The fact of the matter is that no other individual shares your distinct journey through this magical mystery tour called life. Not one other entity has experienced the world in precisely the same manner you have. Analyzing, extracting, and recording your exclusive relationship with everything from the mundane to the magnificent is what will set your writing apart from the washed out masses.

Substance Over Subject

If there is a book that you want to read, but it hasn’t been written yet, you must be the one to write it.” – Toni Morrison

Rule numero uno pertaining to originality in your writing is as follows: Write whatever the fuck moves you, but do not restrain or constrict honesty. Never overly concern yourself with your subject matter. Fads and popular genres are reserved for unimaginative assholes on a safari for what they believe will be an easy ‘in’ for their careers. These human hemorrhoids latch onto markets perceived to be fashionable or commercial in an attempt to bolster their own floundering, pathetic output.

Not to mention an overwhelming lack of talent.

Consider the mastery of Kurt Vonnegut or Elmore Leonard. Both can widely be considered genre authors. However, it is their character’s intimate interactions with the painstakingly orchestrated environment(s) and situations which brand a lasting impression on the hearts, minds, and genitals of the audience. You must, above all else, present personality and emotion at the forefront. Readers will not continue to traipse through a plot without a relatable guide with whom they wish to spend an inordinate amount of time.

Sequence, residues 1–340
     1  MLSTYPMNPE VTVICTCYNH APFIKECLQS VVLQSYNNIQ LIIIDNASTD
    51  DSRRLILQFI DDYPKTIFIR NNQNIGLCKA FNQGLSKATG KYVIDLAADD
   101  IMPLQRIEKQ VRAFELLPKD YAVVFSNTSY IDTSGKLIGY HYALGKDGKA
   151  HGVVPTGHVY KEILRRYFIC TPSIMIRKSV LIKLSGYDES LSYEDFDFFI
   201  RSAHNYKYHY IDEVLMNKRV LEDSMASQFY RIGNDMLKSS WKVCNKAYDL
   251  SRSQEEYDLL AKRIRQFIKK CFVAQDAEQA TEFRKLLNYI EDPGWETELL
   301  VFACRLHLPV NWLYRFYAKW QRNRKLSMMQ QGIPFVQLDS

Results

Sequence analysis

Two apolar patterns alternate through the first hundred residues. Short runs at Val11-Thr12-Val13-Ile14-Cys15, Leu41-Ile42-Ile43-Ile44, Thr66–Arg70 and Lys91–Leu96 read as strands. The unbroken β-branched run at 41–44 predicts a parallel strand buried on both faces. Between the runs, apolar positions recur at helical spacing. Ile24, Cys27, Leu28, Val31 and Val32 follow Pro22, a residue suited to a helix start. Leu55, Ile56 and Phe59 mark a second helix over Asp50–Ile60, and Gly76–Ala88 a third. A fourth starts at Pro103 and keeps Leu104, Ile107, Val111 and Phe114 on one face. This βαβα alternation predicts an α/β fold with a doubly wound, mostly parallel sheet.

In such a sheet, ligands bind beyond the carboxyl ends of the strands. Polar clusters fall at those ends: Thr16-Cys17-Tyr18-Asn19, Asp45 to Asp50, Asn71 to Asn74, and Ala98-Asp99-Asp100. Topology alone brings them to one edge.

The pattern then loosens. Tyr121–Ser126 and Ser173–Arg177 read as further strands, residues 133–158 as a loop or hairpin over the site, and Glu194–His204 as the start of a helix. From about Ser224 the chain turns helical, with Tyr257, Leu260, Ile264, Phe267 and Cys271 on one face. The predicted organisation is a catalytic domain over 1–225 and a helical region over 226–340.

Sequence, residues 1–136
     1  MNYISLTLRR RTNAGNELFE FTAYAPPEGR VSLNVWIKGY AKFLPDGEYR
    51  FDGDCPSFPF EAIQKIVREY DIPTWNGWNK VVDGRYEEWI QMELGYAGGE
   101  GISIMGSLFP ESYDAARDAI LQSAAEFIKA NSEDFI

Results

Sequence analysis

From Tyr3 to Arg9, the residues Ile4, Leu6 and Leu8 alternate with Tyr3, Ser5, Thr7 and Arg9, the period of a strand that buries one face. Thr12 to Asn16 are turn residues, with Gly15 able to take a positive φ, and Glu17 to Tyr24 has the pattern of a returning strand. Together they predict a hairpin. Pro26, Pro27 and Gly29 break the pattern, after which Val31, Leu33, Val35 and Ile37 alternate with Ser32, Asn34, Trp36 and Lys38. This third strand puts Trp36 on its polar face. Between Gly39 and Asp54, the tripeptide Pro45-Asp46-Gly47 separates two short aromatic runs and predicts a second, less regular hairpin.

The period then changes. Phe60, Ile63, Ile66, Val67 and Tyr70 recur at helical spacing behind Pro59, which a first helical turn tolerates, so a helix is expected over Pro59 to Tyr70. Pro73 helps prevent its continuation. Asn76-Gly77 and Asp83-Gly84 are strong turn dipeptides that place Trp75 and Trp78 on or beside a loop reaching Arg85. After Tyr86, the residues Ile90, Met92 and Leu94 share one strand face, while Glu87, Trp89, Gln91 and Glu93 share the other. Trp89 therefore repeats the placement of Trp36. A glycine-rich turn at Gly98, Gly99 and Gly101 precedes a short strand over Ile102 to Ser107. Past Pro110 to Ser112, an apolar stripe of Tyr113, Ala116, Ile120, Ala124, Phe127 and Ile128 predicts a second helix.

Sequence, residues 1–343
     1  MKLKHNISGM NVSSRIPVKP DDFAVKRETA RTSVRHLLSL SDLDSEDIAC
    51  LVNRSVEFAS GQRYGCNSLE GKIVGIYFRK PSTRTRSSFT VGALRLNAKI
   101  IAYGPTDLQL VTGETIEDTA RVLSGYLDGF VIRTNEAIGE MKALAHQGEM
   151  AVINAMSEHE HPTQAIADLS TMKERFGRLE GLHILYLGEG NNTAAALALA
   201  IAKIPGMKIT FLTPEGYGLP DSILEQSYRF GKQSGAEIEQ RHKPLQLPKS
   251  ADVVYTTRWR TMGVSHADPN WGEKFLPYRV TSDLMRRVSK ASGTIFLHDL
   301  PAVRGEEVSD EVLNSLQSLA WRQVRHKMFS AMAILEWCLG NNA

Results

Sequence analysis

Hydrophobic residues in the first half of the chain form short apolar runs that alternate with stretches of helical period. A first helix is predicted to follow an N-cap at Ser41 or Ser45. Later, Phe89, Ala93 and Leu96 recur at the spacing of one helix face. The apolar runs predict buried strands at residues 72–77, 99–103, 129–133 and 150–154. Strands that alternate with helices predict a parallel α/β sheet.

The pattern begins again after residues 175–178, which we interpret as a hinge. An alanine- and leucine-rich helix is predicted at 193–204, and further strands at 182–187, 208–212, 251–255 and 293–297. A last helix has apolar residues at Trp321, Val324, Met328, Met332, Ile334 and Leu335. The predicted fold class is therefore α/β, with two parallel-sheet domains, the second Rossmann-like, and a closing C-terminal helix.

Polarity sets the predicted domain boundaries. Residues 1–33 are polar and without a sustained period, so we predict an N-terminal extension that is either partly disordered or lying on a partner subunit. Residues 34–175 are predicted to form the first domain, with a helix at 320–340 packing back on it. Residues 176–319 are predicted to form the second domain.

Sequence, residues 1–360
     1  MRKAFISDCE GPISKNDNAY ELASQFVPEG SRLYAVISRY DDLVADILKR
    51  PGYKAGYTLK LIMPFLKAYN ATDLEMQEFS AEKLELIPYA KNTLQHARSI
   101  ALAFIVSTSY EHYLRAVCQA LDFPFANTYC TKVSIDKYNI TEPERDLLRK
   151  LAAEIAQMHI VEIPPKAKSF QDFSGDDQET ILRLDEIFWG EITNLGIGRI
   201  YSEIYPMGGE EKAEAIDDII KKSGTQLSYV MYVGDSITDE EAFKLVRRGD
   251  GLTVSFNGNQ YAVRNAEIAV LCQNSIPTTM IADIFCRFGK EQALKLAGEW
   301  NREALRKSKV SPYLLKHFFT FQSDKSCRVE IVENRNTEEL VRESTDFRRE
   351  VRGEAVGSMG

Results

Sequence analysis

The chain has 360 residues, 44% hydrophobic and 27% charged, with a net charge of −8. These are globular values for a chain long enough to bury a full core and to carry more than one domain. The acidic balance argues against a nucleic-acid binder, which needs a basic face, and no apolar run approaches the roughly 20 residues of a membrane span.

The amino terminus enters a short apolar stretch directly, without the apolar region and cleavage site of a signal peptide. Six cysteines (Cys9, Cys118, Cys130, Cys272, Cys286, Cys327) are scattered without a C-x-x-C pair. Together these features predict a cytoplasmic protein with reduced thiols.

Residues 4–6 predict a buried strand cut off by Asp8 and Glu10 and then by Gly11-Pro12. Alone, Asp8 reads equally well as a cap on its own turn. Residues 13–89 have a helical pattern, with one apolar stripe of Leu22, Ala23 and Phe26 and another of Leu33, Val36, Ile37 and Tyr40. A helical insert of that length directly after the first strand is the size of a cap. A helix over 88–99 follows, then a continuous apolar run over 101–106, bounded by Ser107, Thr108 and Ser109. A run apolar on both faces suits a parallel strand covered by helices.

Different Drum

Tug on Superman’s cape! Throw caution to the wind! Pull the mask off of old Lone Ranger!

Refuse to allow the fear of other’s scrutiny or criticism to malign your efforts. Dance to your own beat and permit yourself to be compelled by every win and every tribulation you endure. Did your latest bout of venereal disease impel the creation of a slam poetry piece? Are your woes regarding the inability to score crack due to overdraft fees instigating the development of an experimental short story? Was the cantankerous squirrel that attacked you in the park fodder for a brand new series of children’s books?

Whatever the case may be put it on the god-damn page! There is no tale too insignificant to be told. To think otherwise would be little more than imbecilic naysaying.

If you would like to hear me elaborate a bit more on my own process, you can find links to a couple of interviews conducted recently with me on my website at: Drop me a line from the contact page if you have any other questions, complaints, or declarations of lust.

Bread Crumbs from the Void will return in two weeks with another thrilling edition of hard-nosed reality for you big-talkers and wannabes. Until next time, keep scribbling you freaks.

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About the Columnist:

Alex Schumacher has toiled away in the relative obscurity of minimum-wage jobs and underground comics longer than he cares to admit. Currently he produces the weekly feature Decades of (in)Experience for Antix Press, Bread Crumbs from the Void and The Fucking Funnies for Five 2 One Magazine, and Mr. Butterchips for Drunk Monkeys.

Stalk him at